#1
I've had this question for a while. I learned the major scale using the 5 box method, where there are 5 seperate boxes, with the root in different starting places. Thus, when I solo in a key, I have no idea what notes I'm hitting, I visualize the boxes, and then play notes which I think might sound well from previous experience. Now, this has a few setbacks. One, I am not able to play what I'm thinking on the spot (aka, I can't go, "oh! an A would go well after this C", I just have to randomly guess that this one note in my box will sound well. Two, I am somewhat constrained by these boxes, I have a difficult time "leaping" more than 1 of these boxes at a time.

Now, my question to the experienced players is this: how do you guys visualize your fretboard?

Do you know what all the notes are, and then know what note sounds good after the one you played? I'd assume this would cause lots of lag time looking for each note, but then again, everything improves with practice.

Do you hear intervals? If you don't know the names of the notes, do you play according to how they sound? Aka, "wow, a maj3rd would be a good interval right now".

I'm feeling stifled by these boxes, and all my soloing sounds similar now because I keep doing the same patterns. If someone has experienced this and found something better, please let me know. Thanks!
#2
I think of what i hear in my head, and try to play it, relating to the patterns of course.

To spice things up, i also throw in some fast licks and stuff, or do something out of the ordinary that i rarely do, like skipping a string or doing insane stretch to reach a note or something. Doing stuff that i'm uncomfortabe with.
Last edited by wokketywok at Mar 22, 2009,
#3
I hear intervals - the boxes are just a means to an end. If you just learned the patterns without really paying attention to the notes they contained or the sounds that you can make with them then yes, you're going to struggle.

You just have to spend some time learning more about the scale and getting more familiar with the important apsects - when it comes to the crunch with scales where you put your fingers isn't actually all that important...it's just that little bit of information you need right at the end of everything else when it comes to actually putting things into practice.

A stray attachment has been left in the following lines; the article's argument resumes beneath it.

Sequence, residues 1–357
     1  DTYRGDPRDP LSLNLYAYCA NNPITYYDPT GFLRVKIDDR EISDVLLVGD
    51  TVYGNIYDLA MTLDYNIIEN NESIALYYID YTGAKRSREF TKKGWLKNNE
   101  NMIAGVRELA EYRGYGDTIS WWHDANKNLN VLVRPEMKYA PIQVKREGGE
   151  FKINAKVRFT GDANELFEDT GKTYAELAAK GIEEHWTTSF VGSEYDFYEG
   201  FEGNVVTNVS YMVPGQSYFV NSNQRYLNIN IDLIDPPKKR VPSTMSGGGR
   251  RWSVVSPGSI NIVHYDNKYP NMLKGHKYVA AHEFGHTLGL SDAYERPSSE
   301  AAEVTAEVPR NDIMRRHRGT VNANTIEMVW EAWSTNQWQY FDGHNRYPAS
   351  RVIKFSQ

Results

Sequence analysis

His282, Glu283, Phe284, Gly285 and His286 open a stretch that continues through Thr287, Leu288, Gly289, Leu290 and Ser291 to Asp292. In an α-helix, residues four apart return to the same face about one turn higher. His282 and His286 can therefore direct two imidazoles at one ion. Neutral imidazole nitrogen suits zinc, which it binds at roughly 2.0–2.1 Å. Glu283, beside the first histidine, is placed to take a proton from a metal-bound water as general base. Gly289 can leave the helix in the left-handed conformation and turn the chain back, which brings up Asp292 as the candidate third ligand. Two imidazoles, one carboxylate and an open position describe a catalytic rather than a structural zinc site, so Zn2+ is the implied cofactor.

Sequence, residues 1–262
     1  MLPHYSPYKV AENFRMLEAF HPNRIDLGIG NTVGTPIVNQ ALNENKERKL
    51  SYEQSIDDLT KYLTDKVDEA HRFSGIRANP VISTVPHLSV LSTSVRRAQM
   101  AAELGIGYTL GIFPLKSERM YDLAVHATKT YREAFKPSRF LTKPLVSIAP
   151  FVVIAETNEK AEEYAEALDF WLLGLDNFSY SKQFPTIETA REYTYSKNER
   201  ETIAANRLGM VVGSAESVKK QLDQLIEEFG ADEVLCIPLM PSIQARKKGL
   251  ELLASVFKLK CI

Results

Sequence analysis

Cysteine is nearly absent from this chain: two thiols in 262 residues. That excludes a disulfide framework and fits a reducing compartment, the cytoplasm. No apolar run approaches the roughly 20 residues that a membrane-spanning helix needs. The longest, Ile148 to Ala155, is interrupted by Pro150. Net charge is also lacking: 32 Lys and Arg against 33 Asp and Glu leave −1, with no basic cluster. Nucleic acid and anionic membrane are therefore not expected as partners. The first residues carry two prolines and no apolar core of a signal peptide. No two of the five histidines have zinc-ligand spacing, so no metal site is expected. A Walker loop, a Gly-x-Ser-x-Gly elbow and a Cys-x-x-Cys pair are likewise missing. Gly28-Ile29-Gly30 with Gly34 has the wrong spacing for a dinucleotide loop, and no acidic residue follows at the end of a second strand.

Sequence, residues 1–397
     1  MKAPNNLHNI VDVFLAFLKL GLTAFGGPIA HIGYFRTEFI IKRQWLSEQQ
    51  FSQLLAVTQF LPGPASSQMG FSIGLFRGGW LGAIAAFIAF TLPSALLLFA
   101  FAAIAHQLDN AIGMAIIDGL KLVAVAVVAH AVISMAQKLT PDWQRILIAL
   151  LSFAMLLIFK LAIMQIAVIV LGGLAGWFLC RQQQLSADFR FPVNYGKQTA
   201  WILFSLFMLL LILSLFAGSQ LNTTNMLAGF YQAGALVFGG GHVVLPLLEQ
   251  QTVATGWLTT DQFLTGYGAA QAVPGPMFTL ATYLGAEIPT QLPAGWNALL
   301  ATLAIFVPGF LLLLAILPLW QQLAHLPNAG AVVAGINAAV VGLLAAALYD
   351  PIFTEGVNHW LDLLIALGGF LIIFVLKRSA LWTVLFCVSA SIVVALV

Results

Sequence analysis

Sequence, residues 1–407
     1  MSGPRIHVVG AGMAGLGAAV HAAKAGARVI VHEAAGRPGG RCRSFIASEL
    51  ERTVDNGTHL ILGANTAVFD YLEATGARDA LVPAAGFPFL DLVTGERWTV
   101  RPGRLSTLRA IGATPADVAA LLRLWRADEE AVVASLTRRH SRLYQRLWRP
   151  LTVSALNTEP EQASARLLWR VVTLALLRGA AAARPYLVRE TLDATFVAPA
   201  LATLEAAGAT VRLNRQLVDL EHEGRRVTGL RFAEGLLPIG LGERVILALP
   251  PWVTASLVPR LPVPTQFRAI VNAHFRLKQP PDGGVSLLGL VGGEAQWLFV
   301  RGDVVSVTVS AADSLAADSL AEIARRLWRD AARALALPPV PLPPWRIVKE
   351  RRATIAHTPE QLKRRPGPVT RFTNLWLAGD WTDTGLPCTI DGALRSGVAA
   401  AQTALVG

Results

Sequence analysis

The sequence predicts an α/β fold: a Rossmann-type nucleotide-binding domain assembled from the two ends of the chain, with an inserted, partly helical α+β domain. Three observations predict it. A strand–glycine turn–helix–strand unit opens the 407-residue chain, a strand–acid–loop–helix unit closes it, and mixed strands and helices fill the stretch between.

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Last edited by steven seagull at Mar 22, 2009,
#4
Quote by fnmpm
I've had this question for a while. I learned the major scale using the 5 box method, where there are 5 seperate boxes, with the root in different starting places. Thus, when I solo in a key, I have no idea what notes I'm hitting, I visualize the boxes, and then play notes which I think might sound well from previous experience. Now, this has a few setbacks. One, I am not able to play what I'm thinking on the spot (aka, I can't go, "oh! an A would go well after this C", I just have to randomly guess that this one note in my box will sound well. Two, I am somewhat constrained by these boxes, I have a difficult time "leaping" more than 1 of these boxes at a time.

Now, my question to the experienced players is this: how do you guys visualize your fretboard?

Do you know what all the notes are, and then know what note sounds good after the one you played? I'd assume this would cause lots of lag time looking for each note, but then again, everything improves with practice.

Do you hear intervals? If you don't know the names of the notes, do you play according to how they sound? Aka, "wow, a maj3rd would be a good interval right now".

I'm feeling stifled by these boxes, and all my soloing sounds similar now because I keep doing the same patterns. If someone has experienced this and found something better, please let me know. Thanks!



Your not stifled by the boxes, you simply have alot more to learn. Don't stop at one piece of information and call it a "method", and then blame it for your lack of progress. You've learned some scale shapes, great.... now it's time to move on by learning new things to broaden your perspective.


Heres some things you can try:

- learn solos/melodies
* learn to hear the notes in those patterns in a musical context through actual experience

- study theory
*this takes time but it will help you to make sense of what is going on


- learn the notes on the neck
It will be easier to apply your knowledge to the guitar if you know the fret-board well


- Learn to read

* standard notation is the language that music theory is taught in. Being fluent in this language is crucial for a deep understanding of music thoery.

* learning to read standard notation in all position on the guitar will solidify your knowledge of the notes on the neck as you encounter them in a musical context.
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Last edited by GuitarMunky at Mar 22, 2009,